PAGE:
The wooden roof was constructed to form a conservatory in this north-facing London garden that has strong afternoon light from the west on sunny days. Natural light within the built environment is appreciated and desirable in northern European climates, this being where the conservatory was originally invented.
Traditionally, conservatories tend to have a pitched roof, with glazed panes creating a fall for the rainwater to run off, which reduces watermarks on the glass and maintains good visibility to the sky. However, the traditional roof pitch requires height, which was not an option at the rear of this London semi detached Grade 2 listed house. Our solution was to create a series of higher pitches in short lengths that push rain water rapidly to the longer gentle primary valley fall. Consequently, the overall roof height was kept to a minimum, yet it has a well-drained glass surface with a deeper floor plate below.
The dia-grid geometry of the roof structure was derived simply from the existing site boundary, and helps to segment the Four Seasons glass roof into practical unit sizes. With the deep profiles within the grid, the beams cast palpable shadows of the dia-grid into the space and sometimes onto the beams themselves throughout the year, this emphasises the presence of natural light in this northern European climate.
Once the roof was formed, the dining space below was developed in relation to the garden, which is higher than the conservatory floor level. In order to mediate this topological condition, we inserted an 'empty stage' at table height between the garden and dining room. The primary purpose of the stage is to be 'empty' so that the garden merges into the background within a framed view. For the occupiers, the space below the roof feels as if it is expanding into the garden.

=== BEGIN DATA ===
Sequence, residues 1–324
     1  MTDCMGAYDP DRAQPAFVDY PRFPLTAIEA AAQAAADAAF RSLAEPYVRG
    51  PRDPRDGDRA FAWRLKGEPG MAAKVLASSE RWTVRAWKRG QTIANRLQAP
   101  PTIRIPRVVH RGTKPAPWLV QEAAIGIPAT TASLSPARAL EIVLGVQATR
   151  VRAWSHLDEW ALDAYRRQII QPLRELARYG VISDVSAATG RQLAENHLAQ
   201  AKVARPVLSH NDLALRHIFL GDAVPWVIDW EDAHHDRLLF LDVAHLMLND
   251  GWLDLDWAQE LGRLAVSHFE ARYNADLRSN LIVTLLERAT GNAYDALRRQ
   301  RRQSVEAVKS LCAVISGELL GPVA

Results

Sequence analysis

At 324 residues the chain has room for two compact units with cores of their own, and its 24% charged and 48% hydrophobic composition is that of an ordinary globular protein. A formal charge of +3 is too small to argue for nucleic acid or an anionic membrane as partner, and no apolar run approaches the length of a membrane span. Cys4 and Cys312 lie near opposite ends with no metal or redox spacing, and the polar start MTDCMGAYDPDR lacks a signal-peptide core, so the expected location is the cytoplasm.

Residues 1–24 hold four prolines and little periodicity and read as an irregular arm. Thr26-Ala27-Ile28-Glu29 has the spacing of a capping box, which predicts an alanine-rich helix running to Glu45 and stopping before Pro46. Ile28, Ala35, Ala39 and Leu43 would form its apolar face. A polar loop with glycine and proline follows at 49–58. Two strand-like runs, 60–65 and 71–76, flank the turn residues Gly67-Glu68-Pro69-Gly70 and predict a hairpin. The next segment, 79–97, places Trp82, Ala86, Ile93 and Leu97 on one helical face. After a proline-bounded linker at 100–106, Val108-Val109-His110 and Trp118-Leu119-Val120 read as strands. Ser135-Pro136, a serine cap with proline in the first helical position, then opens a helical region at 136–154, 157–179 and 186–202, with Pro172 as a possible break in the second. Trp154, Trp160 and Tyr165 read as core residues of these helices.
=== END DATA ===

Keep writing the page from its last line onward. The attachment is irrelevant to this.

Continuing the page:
We took full advantage of the natural structural capacity and low thermal conductivity of wood. The entire conservatory, from the roof, to the window and door, was made from the same species of acetylated wood components, which is known for its durability and dimensional stability. From our digitally transferred design models, the wooden beams, posts and window frames were processed to within a millimeter of accuracy with a 5 axis CNC router. This enabled the planned roof falls to be installed correctly and easily on site which also minimised waste and off cuts. All of the cross junctions of the beams were structurally designed with no requirement of glue or any mechanical fixings (although glue was used for the ease of positioning during the assembly process).
Externally the wooden faces are fully exposed and charred to protect against rot and fungus decay and internally they were oiled so that it breaths. Both treatments allow the wood an extended longevity. The empty stage, adorned by a red maple tree, remains devoid of activity except for the occasional play of dappled light on the stone surface by the large European ash tree in the garden.